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Putting the “P” in Politics


For me, the “P” in politics stands for parent. Last year while serving in the Georgia General Assembly as State Representative for District 62, I lost both of my parents to cancer. Ironically, my mother, the second of the two to pass within seven months, died on “crossover day”—the last day to get a bill from one chamber to the next before it goes to the Governor for signature. Her symbolic crossover crossed me out of politics and deeper into my role as a parent. As the mother of two grade school age children, without the support of my parents, I had to make the very easy decision to put politics on the shelf so I could be the parent my sweet perfect children deserved.

Stepping away from what many consider a secret society, allows me the ability to put perspective into true politics. Spending only four years as a politician allowed me to maintain my perspective as a common citizen. Now I want to share with the world truths about politics.

I am leaving to be a parent; yet knowing my personality, I probably couldn’t have persevered in State level politics for several reasons: (1) partisan politics (2) political personalities or (3) the lack of participation by the people. I give a grave side-eye to all three.

(1) Partisan Politics

Disclaimer – I did not partake in partisan politics prior to running for office. Good thing I did not. Guaranteed, I would have never endeavored to run for office had I known what it meant to be affiliated with the fraternity that is partisan politics.

I am a Democrat because frankly, I am not a Republican. I cannot call myself an independent because although I look at political policies without considering which party presented them, far more often I side ideologically with the progressive party. I have a hard time arguing for conserving the constitution because when it was drafted people like me didn’t have input.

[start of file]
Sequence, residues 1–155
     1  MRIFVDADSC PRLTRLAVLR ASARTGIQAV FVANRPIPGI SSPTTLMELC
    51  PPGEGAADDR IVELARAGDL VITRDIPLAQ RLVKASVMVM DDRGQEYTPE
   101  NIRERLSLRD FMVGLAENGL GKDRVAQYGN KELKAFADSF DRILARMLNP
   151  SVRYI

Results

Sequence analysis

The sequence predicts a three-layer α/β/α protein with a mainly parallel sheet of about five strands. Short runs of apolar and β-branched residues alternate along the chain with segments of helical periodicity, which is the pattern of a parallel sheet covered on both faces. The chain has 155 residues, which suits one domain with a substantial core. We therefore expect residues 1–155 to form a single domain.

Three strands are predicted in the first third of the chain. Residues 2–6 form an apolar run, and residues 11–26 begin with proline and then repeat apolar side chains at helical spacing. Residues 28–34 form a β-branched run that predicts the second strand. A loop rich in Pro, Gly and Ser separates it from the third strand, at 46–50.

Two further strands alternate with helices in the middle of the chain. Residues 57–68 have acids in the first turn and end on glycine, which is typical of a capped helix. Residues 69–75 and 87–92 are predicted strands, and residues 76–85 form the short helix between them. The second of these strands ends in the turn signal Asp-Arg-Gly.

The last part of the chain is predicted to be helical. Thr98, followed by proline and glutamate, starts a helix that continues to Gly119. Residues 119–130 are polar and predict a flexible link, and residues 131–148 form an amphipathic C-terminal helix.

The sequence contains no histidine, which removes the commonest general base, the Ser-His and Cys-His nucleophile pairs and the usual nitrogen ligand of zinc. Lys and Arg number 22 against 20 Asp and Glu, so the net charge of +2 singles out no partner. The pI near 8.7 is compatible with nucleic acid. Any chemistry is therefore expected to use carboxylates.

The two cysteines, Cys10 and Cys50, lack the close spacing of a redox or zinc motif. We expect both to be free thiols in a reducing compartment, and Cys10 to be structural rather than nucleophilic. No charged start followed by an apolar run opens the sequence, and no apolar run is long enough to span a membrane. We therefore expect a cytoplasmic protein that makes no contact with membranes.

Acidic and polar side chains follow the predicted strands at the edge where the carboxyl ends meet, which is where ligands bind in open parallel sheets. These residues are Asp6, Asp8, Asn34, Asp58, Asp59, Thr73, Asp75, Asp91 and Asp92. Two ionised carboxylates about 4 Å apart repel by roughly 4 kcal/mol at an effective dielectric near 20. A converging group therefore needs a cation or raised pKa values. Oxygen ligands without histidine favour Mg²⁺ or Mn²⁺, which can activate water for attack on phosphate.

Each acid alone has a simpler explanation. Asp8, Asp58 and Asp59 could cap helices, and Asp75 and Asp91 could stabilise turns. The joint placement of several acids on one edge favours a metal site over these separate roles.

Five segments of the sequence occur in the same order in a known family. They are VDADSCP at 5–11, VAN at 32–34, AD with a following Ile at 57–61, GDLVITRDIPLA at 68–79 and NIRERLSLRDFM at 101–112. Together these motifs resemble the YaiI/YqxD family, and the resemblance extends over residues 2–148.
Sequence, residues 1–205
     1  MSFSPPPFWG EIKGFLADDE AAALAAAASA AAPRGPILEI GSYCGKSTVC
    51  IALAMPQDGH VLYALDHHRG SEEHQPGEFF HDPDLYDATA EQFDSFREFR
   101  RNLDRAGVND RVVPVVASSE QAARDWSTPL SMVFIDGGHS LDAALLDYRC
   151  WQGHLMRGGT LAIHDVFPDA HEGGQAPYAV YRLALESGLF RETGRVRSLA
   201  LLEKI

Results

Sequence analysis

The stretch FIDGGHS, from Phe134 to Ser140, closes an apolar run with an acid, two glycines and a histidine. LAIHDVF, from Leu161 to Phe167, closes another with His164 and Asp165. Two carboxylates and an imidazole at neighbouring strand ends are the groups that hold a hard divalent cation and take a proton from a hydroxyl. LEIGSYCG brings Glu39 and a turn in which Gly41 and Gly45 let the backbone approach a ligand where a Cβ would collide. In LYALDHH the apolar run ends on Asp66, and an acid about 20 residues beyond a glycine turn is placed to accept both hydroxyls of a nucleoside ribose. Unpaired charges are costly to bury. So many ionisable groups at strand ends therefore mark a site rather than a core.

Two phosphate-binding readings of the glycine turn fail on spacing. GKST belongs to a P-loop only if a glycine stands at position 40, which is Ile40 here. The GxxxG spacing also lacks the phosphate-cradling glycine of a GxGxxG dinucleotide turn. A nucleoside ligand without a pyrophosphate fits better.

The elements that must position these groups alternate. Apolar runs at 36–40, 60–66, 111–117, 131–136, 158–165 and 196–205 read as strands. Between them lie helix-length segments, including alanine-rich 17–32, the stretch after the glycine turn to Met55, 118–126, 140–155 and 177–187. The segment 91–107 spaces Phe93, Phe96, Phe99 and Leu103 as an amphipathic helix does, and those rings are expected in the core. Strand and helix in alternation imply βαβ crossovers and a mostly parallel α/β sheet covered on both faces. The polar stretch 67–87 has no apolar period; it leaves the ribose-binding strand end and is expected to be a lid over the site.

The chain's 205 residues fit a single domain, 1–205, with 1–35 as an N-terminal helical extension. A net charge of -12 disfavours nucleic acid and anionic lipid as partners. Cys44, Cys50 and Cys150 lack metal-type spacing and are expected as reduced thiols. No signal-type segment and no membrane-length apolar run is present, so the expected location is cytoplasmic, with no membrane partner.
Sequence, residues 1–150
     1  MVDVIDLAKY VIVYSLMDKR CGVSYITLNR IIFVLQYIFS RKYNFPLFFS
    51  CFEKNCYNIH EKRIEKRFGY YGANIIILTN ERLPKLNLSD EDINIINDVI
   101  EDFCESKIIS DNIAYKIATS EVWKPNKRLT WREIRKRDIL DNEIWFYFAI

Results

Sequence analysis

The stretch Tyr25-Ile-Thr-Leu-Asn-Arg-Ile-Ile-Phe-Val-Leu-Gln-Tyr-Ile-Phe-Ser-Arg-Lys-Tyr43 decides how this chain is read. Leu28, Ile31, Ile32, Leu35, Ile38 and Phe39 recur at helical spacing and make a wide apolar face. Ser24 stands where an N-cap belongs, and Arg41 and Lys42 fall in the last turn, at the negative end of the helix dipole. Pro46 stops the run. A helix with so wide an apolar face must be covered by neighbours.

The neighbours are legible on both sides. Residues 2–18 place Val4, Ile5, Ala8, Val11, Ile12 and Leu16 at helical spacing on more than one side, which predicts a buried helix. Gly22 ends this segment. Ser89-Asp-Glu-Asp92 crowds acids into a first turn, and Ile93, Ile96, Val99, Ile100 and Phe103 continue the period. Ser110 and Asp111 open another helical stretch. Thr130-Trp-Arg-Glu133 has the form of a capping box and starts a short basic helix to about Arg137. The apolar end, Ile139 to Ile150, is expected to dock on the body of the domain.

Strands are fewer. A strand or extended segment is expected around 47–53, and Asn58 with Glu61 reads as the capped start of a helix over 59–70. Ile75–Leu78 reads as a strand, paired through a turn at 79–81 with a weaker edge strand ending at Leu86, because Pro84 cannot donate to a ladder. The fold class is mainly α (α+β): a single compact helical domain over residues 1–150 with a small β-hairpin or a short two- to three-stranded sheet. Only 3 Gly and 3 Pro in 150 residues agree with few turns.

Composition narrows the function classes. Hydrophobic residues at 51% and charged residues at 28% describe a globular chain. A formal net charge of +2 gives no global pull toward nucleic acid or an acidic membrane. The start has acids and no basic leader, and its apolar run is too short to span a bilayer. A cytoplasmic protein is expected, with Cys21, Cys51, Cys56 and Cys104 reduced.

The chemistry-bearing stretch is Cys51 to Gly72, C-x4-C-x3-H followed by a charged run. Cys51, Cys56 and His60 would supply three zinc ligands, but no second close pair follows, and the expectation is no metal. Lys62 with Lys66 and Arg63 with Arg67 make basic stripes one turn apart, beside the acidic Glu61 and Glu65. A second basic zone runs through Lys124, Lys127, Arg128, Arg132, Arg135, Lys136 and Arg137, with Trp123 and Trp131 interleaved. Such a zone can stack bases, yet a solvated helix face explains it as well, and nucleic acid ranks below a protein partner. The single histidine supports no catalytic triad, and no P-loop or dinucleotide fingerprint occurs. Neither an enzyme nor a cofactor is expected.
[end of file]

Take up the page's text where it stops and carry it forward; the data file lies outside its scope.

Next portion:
But what disturbs me most is that those deeply ingrained in partisanship seem to be more concerned with advocating for “the party” and not for the people. In all fairness, both main political parties think they are serving the people and to serve they must be in power. To be in power, “the party” must think to the future. The problem is that to remain in power is a numbers game. That means keeping a scorecard based on who brings forth the policy and not the merit of the policy itself. In more egregious circumstances that mean that if you do not participate in what the party wants, you are cut from the pack. Your proposals and policies are ignored, and your contributions sidelined by your own party.

So, imagine how difficult it was for an independent thinker and lawyer to boot to fit in. The first time I got one of “those” looks because I dared to question the leadership, I took it as a challenge. I was a terribly clumsy child, raised in a household without money; I did not get to play team sports so I truly never understood “group thinking”.

I would have never fit in with the party, except that the ridiculousness of the other party kept me loyal to the group I felt was most sane.